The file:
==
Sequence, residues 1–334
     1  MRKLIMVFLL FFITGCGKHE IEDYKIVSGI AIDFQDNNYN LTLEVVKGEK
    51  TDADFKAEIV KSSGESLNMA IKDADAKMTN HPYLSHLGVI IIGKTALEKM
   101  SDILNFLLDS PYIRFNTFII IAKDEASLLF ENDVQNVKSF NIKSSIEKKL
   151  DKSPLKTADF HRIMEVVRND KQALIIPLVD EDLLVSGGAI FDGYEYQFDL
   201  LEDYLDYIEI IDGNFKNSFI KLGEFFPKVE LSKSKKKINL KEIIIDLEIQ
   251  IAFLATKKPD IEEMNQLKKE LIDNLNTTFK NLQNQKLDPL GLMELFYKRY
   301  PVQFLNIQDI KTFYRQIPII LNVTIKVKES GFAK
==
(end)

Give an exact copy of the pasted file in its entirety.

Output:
Sequence, residues 1–334
     1  MRKLIMVFLL FFITGCGKHE IEDYKIVSGI AIDFQDNNYN LTLEVVKGEK
    51  TDADFKAEIV KSSGESLNMA IKDADAKMTN HPYLSHLGVI IIGKTALEKM
   101  SDILNFLLDS PYIRFNTFII IAKDEASLLF ENDVQNVKSF NIKSSIEKKL
   151  DKSPLKTADF HRIMEVVRND KQALIIPLVD EDLLVSGGAI FDGYEYQFDL
   201  LEDYLDYIEI IDGNFKNSFI KLGEFFPKVE LSKSKKKINL KEIIIDLEIQ
   251  IAFLATKKPD IEEMNQLKKE LIDNLNTTFK NLQNQKLDPL GLMELFYKRY
   301  PVQFLNIQDI KTFYRQIPII LNVTIKVKES GFAK